• January 30, 2011 at 7:53 pm
    Permalink

    That’s a great idea Daniel, about Putty having the option to list hostnames from the command line. I blame myself for not having intuitive session names, but I created them when I was brand spanking new to the job. I just needed something that had all of our devices listed so I could log in quickly. The more I learn and the more comfortable I become, I’m finding more ways to make my job and life easier.

    I’ve never tried SecureCRT or ZOC but I’ve always heard good things about both. Not sure if you’ve heard of TeraTerm, but I used that before I found out about Putty. TeraTerm just doesn’t have the advanced GUI that saves the admin/engineer time like say Putty or the others do.

    Another con of Putty I ran into this weekend with Putty is that it does not include xmodem functionality. I just bought 2 2610 routers from a coworker the other day and the flash was corrupted on one. I use Windows 7 on my laptop so the only way to upload the IOS image from the 2nd router was to use TeraTerm because it was free and supported xmodem. Windows 7 does not include HyperTerminal.

    Reply
  • June 19, 2012 at 12:42 pm
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    You do not need to install putty for this to work just make sure the directory where it is stored is the PATH.

    Simplified version of above is the following

    start putty -load r1
    start putty -load r2
    start putty -load r3
    start putty -load r4
    start putty -load r5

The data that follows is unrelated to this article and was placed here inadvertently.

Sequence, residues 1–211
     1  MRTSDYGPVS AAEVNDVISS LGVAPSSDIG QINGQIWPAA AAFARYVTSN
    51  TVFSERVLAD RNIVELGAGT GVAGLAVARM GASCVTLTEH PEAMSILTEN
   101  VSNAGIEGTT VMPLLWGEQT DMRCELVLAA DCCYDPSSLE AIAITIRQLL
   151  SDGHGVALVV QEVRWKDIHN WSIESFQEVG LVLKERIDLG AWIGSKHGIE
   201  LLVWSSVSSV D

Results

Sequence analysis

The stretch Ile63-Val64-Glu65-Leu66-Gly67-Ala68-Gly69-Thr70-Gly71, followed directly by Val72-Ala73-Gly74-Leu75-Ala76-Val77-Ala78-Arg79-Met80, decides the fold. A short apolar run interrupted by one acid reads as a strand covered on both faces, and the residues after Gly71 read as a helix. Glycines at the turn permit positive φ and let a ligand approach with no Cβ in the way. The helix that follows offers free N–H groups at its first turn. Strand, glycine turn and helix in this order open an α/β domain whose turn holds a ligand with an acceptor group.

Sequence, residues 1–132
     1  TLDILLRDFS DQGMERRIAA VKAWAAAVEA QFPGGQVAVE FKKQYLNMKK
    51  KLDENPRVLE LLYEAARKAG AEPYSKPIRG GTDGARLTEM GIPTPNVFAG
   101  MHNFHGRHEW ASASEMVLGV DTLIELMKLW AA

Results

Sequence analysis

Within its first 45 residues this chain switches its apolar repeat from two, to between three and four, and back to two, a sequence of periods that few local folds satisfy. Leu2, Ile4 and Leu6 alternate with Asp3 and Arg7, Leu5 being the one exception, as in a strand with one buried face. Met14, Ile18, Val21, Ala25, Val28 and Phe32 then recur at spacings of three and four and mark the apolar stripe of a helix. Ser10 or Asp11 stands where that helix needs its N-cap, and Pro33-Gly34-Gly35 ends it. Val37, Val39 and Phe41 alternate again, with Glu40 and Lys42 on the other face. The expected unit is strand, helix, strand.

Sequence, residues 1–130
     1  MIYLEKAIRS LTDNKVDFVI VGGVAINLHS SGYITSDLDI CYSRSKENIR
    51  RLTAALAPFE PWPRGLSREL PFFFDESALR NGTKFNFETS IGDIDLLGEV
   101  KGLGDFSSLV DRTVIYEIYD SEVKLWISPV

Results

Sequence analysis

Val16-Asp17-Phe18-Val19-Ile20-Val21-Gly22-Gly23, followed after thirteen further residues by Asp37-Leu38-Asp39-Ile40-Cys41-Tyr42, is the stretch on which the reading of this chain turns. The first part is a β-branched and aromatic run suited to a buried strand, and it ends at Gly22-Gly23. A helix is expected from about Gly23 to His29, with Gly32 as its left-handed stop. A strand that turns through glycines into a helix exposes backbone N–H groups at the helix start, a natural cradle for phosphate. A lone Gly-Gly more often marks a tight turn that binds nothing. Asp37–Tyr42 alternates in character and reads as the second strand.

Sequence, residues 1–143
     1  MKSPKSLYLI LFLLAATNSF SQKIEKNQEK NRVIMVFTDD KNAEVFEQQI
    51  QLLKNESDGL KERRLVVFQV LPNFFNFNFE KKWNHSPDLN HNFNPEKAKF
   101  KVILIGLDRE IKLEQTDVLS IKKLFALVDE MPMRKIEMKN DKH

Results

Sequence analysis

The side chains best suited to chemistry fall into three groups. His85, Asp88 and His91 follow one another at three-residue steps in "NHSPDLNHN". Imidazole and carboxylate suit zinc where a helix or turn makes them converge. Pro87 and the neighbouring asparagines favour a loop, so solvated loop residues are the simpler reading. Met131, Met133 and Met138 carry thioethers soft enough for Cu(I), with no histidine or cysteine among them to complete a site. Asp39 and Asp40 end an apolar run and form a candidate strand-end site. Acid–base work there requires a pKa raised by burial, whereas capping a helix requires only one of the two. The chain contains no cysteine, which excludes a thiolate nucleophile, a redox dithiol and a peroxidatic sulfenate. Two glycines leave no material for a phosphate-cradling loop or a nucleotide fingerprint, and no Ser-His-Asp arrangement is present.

start putty -load r6
    start putty -load s1
    start putty -load s2
    start putty -load s3
    start putty -load s4
    start putty -load bb1
    start putty -load bb2
    start putty -load bb3

    Make sure that all these are pre-defined within putty.

    Reply
  • December 29, 2012 at 11:56 am
    Permalink

    One problem i’m facing with this approach is that whenever i take a duplicate session, it takes my current username by default.
    I want to avoid this….any ways of achieving it?
    i use “putty -load session -l loginname -pw password”
    since i hafta take around 40-50 sessions…i store all passwords in the bat file and use ping instead of timeout.

    Reply
  • March 23, 2013 at 12:23 am
    Permalink

    I am trying to use this

    start “A” “Z:putty.exe” -ssh -load ABC user -pw password -m “Z:commands.txt”
    timeout /T 2 > nul

    and have passed commands to execute in the commands.txt file but it doesn’t work. Please help me how do I log in to multiple sessions and with lines of codes executing with it.

    Your earliest response would be highly appreciated.

    Reply